When we introduce ourselves, we establish a clear purpose of what our role is for them. We are not regulatory. We are there to provide education, guidance, and resource assistance for them.
One challenge we faced with our LTCFs was a high turnover rate among the local facility leadership, particularly the DON and the executive director. It often takes months to build these partnerships and establish trust with these local contacts. So, when someone new is on board, we have to begin building that relationship all over again. When we introduce ourselves, we establish a clear purpose of what our role is for them. We are not regulatory. We are there to provide education, guidance, and resource assistance for them. We set a tone and expectations early for what it’s like to work with us and go over how to report cases and outbreaks. We also provided consultation on testing and infection prevention strategies.
What are your plans to maintain relationships with facilities beyond COVID?
Polk: We have had relationships with facilities in Polk County prior to COVID-19 because we provide them with guidance and work with them through outbreaks such as flu or norovirus. We send regular email communications to LTCFs, including COVID-19 weekly surveillance reports, which show the trend of COVID cases, percent positivity, emergency department visits, hospitalizations and deaths over time to show them how the data we collect is used. We wanted to be transparent and establish a rapport. Additionally, the healthcare-associated infection (HAI) program in the state of Florida will occasionally conduct trainings or webinars on various organisms of concern and we make sure to share opportunities like this to our LTCFs. We also hold regular meetings with our local health, medical staff, and health medical coalition. We encourage LTCFs in our area are to join the local health coalition chapter.
Is there one lesson learned that you’ve experienced when it comes to building relationships with facilities to support IPC particularly with the COVID-19 response?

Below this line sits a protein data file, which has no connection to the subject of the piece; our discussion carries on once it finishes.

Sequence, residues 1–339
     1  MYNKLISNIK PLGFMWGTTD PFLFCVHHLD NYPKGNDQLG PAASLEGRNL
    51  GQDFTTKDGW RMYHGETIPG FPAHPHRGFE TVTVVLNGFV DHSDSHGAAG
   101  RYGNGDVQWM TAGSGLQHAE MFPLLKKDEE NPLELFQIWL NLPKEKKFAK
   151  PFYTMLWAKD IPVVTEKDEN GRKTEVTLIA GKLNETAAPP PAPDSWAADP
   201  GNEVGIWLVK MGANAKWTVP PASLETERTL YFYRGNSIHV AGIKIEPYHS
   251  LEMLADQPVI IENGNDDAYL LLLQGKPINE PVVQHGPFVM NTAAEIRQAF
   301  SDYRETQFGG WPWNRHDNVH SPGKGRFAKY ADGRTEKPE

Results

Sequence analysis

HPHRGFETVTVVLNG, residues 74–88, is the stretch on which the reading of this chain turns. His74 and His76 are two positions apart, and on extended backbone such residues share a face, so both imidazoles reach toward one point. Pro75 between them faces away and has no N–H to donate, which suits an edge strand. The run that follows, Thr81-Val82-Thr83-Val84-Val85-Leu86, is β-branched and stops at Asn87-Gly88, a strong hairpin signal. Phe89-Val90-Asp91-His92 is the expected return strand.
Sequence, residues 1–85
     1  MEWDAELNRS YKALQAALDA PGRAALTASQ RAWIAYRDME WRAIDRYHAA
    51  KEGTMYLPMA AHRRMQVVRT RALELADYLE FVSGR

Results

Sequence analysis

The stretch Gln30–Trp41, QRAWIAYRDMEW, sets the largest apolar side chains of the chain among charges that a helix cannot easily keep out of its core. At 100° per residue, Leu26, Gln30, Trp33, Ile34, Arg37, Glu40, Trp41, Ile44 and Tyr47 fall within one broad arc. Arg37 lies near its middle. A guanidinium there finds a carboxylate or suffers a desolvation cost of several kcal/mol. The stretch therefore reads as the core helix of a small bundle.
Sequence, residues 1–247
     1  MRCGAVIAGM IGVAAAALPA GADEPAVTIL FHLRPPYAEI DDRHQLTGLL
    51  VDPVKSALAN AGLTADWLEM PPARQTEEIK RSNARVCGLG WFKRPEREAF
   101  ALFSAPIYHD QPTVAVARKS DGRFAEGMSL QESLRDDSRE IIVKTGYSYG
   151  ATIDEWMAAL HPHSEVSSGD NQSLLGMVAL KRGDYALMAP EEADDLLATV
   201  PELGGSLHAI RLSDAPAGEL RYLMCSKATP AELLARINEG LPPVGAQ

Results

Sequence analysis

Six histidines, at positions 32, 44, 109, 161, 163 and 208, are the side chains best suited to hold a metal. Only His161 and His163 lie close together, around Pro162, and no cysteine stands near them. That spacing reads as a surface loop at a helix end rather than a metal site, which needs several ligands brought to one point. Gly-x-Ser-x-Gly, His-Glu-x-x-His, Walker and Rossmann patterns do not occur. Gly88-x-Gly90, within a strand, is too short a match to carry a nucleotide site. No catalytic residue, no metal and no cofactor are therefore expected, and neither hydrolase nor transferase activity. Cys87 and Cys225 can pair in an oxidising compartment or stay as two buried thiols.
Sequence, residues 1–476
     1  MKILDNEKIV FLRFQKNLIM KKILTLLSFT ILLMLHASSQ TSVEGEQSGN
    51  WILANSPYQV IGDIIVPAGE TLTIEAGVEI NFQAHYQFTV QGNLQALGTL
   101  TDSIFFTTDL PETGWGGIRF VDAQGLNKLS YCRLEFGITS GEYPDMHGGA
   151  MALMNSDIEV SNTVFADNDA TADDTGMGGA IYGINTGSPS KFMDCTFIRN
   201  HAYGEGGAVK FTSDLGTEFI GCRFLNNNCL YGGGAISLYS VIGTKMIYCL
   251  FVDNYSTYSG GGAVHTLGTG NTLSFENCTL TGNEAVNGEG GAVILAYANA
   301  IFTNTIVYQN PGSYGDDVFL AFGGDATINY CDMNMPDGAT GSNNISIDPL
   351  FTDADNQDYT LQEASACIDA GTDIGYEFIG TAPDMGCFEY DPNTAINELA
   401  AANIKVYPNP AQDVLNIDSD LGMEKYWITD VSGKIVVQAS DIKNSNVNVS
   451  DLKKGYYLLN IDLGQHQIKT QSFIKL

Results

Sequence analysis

Polk: We are building trust by acknowledging the current issues that our LTCFs are experiencing and aligning with them by establishing a culture of “we are in this together.” We emphasize that they are not alone in this by demonstrating that we are facing similar issues, assuring that we are partners in this effort, and working on forming a resolution together.
Sangamon: A main lesson learned for us was being clear that we are non-regulatory and then checking in with them through regular email communications and phone calls, letting them know that we are there for support.
Do you have any overall advice that you would offer to other local health departments who may be struggling with facility relationships?
Sangamon: Do not be discouraged by some facilities not wanting to be partners immediately. That can be frustrating, but you have to proceed with the ones that are willing and not be discouraged or disgruntled by not having all of the facilities on board. Some facilities may just not come along right away.
Polk: Know your community and your health department’s level of experience with facilities in the past. When you introduce yourself, define what your role will be. Build trust and have routine communication with them before outbreaks happen. To support relationship building with facilities we created a standard operating procedure for our LTCF team, to ensure consistency with communication and general policies and procedures for outbreak management. We have a document that new staff can read and get a general idea of our operations. It has made training and onboarding much more efficient.